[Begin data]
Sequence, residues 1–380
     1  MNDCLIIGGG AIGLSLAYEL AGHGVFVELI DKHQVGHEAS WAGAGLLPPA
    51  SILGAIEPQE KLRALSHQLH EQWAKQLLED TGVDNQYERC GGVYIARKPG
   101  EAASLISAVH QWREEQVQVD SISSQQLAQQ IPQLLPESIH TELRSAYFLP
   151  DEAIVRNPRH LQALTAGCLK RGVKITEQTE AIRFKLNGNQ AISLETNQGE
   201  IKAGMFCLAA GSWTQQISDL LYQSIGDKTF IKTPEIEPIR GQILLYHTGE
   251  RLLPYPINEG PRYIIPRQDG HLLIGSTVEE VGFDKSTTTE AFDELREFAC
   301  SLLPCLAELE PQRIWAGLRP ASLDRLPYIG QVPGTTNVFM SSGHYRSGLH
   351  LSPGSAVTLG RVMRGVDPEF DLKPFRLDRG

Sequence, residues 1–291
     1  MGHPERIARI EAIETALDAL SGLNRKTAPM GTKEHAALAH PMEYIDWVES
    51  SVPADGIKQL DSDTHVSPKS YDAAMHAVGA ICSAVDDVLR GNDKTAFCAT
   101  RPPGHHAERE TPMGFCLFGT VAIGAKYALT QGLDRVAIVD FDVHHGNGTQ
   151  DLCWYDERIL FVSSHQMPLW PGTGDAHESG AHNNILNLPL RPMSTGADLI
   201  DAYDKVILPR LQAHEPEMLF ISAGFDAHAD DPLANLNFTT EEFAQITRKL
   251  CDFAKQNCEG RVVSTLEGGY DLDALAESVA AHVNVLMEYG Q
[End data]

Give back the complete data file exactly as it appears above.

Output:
Sequence, residues 1–380
     1  MNDCLIIGGG AIGLSLAYEL AGHGVFVELI DKHQVGHEAS WAGAGLLPPA
    51  SILGAIEPQE KLRALSHQLH EQWAKQLLED TGVDNQYERC GGVYIARKPG
   101  EAASLISAVH QWREEQVQVD SISSQQLAQQ IPQLLPESIH TELRSAYFLP
   151  DEAIVRNPRH LQALTAGCLK RGVKITEQTE AIRFKLNGNQ AISLETNQGE
   201  IKAGMFCLAA GSWTQQISDL LYQSIGDKTF IKTPEIEPIR GQILLYHTGE
   251  RLLPYPINEG PRYIIPRQDG HLLIGSTVEE VGFDKSTTTE AFDELREFAC
   301  SLLPCLAELE PQRIWAGLRP ASLDRLPYIG QVPGTTNVFM SSGHYRSGLH
   351  LSPGSAVTLG RVMRGVDPEF DLKPFRLDRG

Sequence, residues 1–291
     1  MGHPERIARI EAIETALDAL SGLNRKTAPM GTKEHAALAH PMEYIDWVES
    51  SVPADGIKQL DSDTHVSPKS YDAAMHAVGA ICSAVDDVLR GNDKTAFCAT
   101  RPPGHHAERE TPMGFCLFGT VAIGAKYALT QGLDRVAIVD FDVHHGNGTQ
   151  DLCWYDERIL FVSSHQMPLW PGTGDAHESG AHNNILNLPL RPMSTGADLI
   201  DAYDKVILPR LQAHEPEMLF ISAGFDAHAD DPLANLNFTT EEFAQITRKL
   251  CDFAKQNCEG RVVSTLEGGY DLDALAESVA AHVNVLMEYG Q